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Cardiovascular Health Tips

You’re never too young— or too old — to take care of your heart. Preventing heart disease (and all cardiovascular diseases) means making smart choices now that will pay off the rest of your life. Lack of exercise, a poor diet and other unhealthy habits can take their toll over the years. Anyone at any age can benefit from simple steps to keep their heart healthy during each decade of life. Here’s how:

• Choose a healthy eating plan. The food you eat can decrease your risk of heart disease and stroke. Choose foods low in saturated fat, trans fat( produced industrially from vegetable fats for use in margarine, snack foods, packaged baked goods and fried fast food), and sodium. As part of a healthy diet, eat plenty of fruits and vegetables, fibre-rich whole grains, fish (preferably oily fish-at least twice per week), nuts, legumes and seeds and try eating some meals without meat. Select lower fat dairy products and poultry (skinless). Limit sugar-sweetened beverages and red meat. If you choose to eat meat, select the leanest cuts available. Eating smaller portions of nutrient-rich foods will help you maintain a healthy weight. Excess weight gain causes your heart to work harder and increases the risk for heart disease, high blood pressure, diabetes and high cholesterol.

• Be physically active. You can slowly work up to at least 2½ hours (150 minutes) of moderate-intensity aerobic physical activity (e.g., brisk walking) every week or 1 hour and 15 minutes (75 minutes) of vigorous intensity aerobic physical activity (e.g., jogging, running) or a combination of both every week.
Additionally, on 2 or more days a week you need muscle-strengthening activities that work all major muscle groups (legs, hips, back, abdomen, chest shoulders, and arms). Children should get at least 60 minutes of activity every day. If you need motivation to get moving, find a workout buddy.

• It's never too early or too late to learn the warning signs of a heart attack and stroke. Not everyone experiences sudden numbness with a stroke or severe chest pain with a heart attack. And heart attack symptoms in women can be different in men.

• Find a doctor and have regular wellness exams. Healthy people need doctors, too. Establishing a relationship with a physician means you can start heart-health screenings now. Talk to your doctor about your diet, lifestyle and check your blood pressure, cholesterol, heart rate, blood sugar and body mass index. Ideal body mass index (BMI) is 18.5–24.9 kg/m2. . Blood Pressure less than 140/90 mm Hg or less than 130/80 mm Hg if you have diabetes or chronic kidney disease. Waist circumference not more than 40 inches for men and not more than 35 inches for women. Knowing where your numbers stand early makes it easier to spot a possible change in the future.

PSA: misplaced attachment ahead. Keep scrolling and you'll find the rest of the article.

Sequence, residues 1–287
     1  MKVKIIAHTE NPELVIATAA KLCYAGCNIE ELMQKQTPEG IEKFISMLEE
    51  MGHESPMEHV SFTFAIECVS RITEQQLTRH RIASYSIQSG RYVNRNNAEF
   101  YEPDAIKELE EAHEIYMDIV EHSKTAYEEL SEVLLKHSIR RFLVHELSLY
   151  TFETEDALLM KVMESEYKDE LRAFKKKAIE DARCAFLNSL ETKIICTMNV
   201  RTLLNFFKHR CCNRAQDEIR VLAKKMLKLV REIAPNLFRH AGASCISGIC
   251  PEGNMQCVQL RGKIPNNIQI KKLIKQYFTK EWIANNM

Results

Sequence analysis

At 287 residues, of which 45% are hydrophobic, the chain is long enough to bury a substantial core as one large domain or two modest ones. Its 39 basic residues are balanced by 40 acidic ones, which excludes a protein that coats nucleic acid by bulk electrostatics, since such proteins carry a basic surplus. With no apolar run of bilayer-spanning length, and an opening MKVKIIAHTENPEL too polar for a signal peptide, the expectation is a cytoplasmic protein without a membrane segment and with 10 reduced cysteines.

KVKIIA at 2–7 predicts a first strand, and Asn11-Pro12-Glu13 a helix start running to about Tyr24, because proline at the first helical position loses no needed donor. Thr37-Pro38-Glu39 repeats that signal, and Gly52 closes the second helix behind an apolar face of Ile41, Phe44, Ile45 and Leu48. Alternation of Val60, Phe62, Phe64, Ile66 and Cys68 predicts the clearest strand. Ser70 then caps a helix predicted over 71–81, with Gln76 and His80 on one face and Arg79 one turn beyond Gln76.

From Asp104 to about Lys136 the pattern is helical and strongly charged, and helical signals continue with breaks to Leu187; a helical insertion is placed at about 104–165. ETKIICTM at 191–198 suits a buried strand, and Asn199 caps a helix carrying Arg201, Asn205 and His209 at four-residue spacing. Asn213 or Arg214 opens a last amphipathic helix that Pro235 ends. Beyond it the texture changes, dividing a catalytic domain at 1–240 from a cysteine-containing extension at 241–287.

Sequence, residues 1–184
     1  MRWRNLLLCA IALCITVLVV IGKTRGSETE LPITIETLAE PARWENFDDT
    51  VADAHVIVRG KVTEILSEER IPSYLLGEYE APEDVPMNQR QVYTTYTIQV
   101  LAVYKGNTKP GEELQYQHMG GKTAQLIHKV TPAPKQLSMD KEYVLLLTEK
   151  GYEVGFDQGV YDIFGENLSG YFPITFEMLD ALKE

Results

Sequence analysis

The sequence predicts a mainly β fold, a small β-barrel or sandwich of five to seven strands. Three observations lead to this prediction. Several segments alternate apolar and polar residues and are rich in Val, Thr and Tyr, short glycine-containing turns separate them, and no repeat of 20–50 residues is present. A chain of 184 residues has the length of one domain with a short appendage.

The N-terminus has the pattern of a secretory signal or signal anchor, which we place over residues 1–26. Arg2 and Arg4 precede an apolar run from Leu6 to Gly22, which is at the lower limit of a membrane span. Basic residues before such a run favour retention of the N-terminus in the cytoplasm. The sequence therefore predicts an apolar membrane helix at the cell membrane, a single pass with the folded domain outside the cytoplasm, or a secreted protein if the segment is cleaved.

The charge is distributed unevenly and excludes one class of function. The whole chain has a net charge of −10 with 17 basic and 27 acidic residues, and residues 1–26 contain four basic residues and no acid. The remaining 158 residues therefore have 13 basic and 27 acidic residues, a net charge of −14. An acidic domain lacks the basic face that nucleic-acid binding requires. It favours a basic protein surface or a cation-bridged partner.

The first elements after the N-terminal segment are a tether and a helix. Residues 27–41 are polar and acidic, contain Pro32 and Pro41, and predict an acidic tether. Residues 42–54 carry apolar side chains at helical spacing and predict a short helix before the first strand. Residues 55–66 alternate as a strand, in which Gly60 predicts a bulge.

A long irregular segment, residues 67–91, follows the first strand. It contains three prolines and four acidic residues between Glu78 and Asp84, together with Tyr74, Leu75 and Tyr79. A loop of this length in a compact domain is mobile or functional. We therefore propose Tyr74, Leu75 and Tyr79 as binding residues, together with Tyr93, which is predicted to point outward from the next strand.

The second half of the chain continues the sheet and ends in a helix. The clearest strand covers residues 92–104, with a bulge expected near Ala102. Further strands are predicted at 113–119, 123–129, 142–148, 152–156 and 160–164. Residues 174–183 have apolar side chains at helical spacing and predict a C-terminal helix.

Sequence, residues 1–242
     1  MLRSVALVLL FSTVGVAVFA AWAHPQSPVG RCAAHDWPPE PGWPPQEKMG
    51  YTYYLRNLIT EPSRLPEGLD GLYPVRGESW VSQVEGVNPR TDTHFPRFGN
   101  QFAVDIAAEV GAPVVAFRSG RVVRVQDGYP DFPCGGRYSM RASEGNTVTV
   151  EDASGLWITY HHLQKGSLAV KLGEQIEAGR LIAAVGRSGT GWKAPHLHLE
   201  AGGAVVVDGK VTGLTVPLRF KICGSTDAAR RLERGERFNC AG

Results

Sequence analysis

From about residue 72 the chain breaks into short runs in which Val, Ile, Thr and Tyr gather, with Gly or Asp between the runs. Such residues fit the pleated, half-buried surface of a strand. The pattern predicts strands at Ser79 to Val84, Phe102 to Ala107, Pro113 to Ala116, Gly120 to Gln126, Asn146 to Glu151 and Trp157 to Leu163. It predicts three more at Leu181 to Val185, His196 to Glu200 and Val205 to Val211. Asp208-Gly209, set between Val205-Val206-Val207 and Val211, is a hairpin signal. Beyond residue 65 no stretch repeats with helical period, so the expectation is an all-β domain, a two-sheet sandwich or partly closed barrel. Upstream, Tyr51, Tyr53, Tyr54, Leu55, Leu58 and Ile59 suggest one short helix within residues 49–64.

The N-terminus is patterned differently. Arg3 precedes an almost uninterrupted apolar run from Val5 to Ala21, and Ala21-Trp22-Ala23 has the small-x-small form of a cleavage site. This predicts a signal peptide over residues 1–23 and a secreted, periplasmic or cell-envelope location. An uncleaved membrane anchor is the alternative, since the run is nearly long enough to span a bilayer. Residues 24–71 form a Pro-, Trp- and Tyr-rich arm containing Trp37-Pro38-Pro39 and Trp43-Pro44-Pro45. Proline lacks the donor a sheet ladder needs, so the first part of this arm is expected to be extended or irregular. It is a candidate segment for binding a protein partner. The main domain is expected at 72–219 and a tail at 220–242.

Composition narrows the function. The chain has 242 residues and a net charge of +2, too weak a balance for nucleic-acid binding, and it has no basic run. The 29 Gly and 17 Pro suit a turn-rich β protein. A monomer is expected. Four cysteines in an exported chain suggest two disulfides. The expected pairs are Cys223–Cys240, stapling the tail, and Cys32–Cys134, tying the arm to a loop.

• Don’t smoke and avoid second-hand smoke. If you picked up smoking as a teen, it’s time to quit smoking. Even exposure to second-hand smoke poses a serious health hazard.

• Make heart-healthy living a family affair. Create and sustain heart-healthy habits in your kids and you’ll reap the benefits, too. Spend less time on the couch and more time on the move. Explore a nearby park on foot or bicycle. Shoot some hoops or walk the dog. Plant a vegetable and fruit garden together in the yard, and invite your kids into the kitchen to help cook.

• Know your Family History. Shake down your family tree to learn about heart health. Having a relative with heart disease increases your risk, and more so if the relative is a parent or sibling. That means you need to focus on risk factors you can control by maintain healthy weight, exercising regularly, not smoking and eating right. Also, keep your doctor informed about any heart problems you learn about in your family.

• Tame your stress. Long-term stress causes an increase in heart rate and blood pressure that may damage the artery walls. Learning stress management techniques not only benefits your body, but also your quality of life.

• Don’t brush off Snoring. Listen to your sleeping partner’s complaints about your snoring. One in five adults has at least mild Sleep Apnea, a condition that causes pauses in breathing during sleep. If not properly treated, Sleep Apnea can contribute to high blood pressure, heart disease and stroke.

• Have an ankle-brachial index test. Starting in your 60s, it's a good idea to get an ankle-brachial index test as part of a physical exam. The test assesses the pulses in the feet to help diagnose Peripheral Artery Disease (PAD), a lesser-known cardiovascular disease in which plaque builds up in the leg arteries.

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